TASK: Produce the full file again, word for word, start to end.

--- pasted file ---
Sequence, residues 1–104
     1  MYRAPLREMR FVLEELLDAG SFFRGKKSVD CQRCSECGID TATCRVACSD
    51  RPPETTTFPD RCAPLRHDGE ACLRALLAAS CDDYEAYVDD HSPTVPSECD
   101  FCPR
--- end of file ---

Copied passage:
Sequence, residues 1–104
     1  MYRAPLREMR FVLEELLDAG SFFRGKKSVD CQRCSECGID TATCRVACSD
    51  RPPETTTFPD RCAPLRHDGE ACLRALLAAS CDDYEAYVDD HSPTVPSECD
   101  FCPR